Nevada legislators are considering adjusting the state’s renewable portfolio standard (RPS). The RPS requires utilities to obtain a specified percentage of their power from renewable sources by a certain date. Twenty-two of the 29 states with such mandates in place have considered changing those laws in the past two years.
Nevada’s current RPS requires NV Energy to supply 25 percent of its total retail electricity through eligible renewable energy resources, with at least 6 percent being from solar. One proposal the legislature is considering would prohibit energy-efficiency measures from being counted toward the RPS mandate, forcing the state’s public utility to rely even more heavily on expensive, unreliable renewable sources.
Supporters of the RPS say the mandates are necessary to reduce pollution, will lead to the creation of “green” jobs, and will only marginally increase electricity prices. However, there is little evidence the mandate will benefit the environment. Renewable sources such as wind and solar technologies are intermittent and thus require fossil fuel generators to back them up. Running fossil fuel generators in this way can emit more pollutants than if they were used as primary power sources.
A joint report by the Nevada Policy Research Institute and Beacon Hill Institute found the mandate would increase the average Nevada household’s electricity bill by $70 per year, increase commercial businesses’ electricity costs by an expected $400 per year, and increase industrial businesses’ electricity costs by $26,220 per year.
These increases in energy costs will have negative effects on the economy. By 2025, Nevada’s employment will be lowered by an expected 1,930 jobs, and real disposable income will be reduced by $233 million.
Rolling back the Nevada RPS instead of increasing it would make energy more affordable for consumers, attract more business investment, and lead to more net job creation. It also would allow more efficient use of these resources and minimize dangerous emissions. Nevada should not mandate the use of certain types of energy and instead should encourage development of economically competitive energy sources through non-distorting regulatory and tax policies.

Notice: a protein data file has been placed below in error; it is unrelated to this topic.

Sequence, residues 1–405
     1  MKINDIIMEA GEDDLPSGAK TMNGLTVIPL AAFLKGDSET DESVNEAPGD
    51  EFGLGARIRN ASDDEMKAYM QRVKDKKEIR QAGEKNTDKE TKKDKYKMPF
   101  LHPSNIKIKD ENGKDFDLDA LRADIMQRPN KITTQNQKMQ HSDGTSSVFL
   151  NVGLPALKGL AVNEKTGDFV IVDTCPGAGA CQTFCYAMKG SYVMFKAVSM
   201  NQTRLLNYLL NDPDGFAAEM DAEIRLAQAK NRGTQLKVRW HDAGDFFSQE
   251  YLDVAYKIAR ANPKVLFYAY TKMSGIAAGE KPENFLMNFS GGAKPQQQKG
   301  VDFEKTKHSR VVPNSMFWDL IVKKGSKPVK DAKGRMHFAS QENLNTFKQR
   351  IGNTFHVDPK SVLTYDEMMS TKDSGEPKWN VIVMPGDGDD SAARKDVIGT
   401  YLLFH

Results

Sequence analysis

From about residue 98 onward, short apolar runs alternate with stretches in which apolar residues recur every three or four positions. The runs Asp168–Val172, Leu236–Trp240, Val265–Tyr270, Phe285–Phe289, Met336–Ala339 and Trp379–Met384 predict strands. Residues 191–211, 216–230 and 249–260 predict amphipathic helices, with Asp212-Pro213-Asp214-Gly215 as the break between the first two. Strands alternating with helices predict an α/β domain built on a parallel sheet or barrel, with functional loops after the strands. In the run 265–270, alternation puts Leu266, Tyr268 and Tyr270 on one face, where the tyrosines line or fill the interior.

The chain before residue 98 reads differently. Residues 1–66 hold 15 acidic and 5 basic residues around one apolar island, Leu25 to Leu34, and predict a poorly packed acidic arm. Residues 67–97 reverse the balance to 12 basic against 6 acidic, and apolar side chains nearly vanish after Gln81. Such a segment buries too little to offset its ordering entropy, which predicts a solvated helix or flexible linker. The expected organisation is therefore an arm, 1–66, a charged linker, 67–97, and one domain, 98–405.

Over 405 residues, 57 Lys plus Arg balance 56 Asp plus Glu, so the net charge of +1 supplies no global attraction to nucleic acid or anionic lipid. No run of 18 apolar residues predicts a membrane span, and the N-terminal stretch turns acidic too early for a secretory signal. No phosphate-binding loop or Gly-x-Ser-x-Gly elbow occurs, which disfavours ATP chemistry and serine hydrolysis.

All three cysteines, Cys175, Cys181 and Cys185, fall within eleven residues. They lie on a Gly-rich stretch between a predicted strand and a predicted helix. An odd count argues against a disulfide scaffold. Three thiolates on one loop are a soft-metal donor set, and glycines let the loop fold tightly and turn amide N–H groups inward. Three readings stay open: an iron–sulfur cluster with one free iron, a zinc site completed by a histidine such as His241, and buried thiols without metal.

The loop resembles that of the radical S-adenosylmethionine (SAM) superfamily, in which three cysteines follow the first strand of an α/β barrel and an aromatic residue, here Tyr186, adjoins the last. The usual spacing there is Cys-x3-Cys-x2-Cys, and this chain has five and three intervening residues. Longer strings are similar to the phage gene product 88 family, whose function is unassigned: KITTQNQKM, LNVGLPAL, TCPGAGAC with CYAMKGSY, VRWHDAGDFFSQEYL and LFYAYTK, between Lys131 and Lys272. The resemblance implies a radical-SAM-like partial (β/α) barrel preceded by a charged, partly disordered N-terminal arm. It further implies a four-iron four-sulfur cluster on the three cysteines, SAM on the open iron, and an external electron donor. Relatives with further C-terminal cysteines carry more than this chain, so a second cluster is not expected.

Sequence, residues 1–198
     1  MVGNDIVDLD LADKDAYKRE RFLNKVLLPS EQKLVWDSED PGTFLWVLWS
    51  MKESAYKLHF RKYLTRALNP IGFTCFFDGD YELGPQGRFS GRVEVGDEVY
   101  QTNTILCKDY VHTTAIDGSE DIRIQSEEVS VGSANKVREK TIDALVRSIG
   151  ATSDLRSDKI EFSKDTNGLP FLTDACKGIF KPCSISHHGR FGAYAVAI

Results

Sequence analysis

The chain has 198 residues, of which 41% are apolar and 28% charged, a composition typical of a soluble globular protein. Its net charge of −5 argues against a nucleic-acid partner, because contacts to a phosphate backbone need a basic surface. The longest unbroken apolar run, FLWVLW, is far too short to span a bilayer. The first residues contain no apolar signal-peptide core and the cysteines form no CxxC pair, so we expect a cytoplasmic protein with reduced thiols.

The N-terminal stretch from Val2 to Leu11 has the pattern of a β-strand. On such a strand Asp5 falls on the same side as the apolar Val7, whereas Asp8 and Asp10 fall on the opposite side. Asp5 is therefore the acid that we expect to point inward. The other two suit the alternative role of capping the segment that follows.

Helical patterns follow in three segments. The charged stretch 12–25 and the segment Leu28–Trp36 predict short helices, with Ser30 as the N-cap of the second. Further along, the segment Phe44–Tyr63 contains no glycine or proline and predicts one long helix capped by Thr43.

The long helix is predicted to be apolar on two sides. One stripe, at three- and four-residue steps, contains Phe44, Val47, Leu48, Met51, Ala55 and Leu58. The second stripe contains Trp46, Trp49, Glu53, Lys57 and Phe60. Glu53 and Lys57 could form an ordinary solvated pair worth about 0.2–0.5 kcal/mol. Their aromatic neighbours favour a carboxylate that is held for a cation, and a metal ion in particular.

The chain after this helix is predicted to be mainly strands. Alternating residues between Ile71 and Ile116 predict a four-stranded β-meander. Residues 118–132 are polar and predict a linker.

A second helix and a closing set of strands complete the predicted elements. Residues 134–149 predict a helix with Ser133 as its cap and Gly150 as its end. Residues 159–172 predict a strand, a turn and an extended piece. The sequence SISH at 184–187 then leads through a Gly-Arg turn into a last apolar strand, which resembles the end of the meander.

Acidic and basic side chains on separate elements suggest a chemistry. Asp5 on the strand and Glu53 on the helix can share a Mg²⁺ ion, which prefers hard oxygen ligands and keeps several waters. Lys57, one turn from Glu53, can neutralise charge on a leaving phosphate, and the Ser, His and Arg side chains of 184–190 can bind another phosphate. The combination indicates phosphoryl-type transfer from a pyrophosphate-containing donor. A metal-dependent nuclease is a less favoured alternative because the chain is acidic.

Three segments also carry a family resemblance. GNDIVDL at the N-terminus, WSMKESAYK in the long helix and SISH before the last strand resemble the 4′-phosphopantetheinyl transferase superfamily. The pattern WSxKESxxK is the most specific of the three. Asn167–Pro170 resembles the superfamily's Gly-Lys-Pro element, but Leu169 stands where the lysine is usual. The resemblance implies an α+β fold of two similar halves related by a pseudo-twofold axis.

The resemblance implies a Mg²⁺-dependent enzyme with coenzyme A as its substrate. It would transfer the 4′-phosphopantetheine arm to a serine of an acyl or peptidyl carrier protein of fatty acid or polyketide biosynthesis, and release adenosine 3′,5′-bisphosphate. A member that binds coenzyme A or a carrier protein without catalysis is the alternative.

The following documents provide additional information about renewable portfolio standards.
Ten Principles of Energy Policy
Heartland Institute President Joseph Bast outlines the ten most important principles for policymakers confronting energy issues, providing guidance to help withstand ongoing changes in markets, technology, and policies adopted in other states, supported by a thorough bibliography.
The Status of Renewable Electricity Mandates in the States
The Institute for Energy Research analyzes the practical effects of renewable electricity mandates, finding states with mandates have on average 40 percent higher electricity rates than those without such mandates.
Study of the Effects on Employment of Public Aid to Renewable Energy Sources
Researchers at King Juan Carlos University in Spain found each “green job” created in Spain cost about $750,000. Electricity rates would have to be increased by 31 percent to account for the additional costs of renewables.
How Less Became More: Wind, Power and Unintended Consequences in the Colorado Energy Market
Bentek Energy, LLC, a leading energy markets information company, evaluates the “must take” provisions of Colorado’s Renewable Portfolio Standard, which forces coal plants to accommodate the intermittency of wind power by “cycling” generating units. The report finds the requirement results in inefficiency and produces significantly greater emissions.
Wind Farms vs. Wildlife
Clive Hambler, lecturer in biological and human sciences at Oxford University and a trained zoologist specializing in species extinction, describes how wind turbines wreak havoc on wildlife.
U.K. Study: Renewable Fuels Kill Jobs
A 2011 study by Verso Economics, a U.K.-based economic consultancy, found renewable power killed 3.7 jobs in the U.K. for every “green job” created. The U.K.’s “renewable obligation” cost the country an additional $US2.3 billion in 2009–10 when all economic costs, including electricity prices, were considered.
RPS: A Recipe for Economic Decline
This Nevada Policy Research Institute study quantifies the economic harm caused by renewable energy subsidies and mandates.
Nothing in this Research & Commentary is intended to influence the passage of legislation, and it does not necessarily represent the views of The Heartland Institute. For further information on this and other topics, visit the Environment & Climate News Web site at http://news.heartland.org/energy-and-environment, The Heartland Institute’s Web site at http://heartland.org, and PolicyBot, Heartland’s free online research database, at www.policybot.org.
If you have any questions about this issue or The Heartland Institute, contact Heartland Institute Policy Analyst Taylor Smith at [email protected] or 312/377-4000.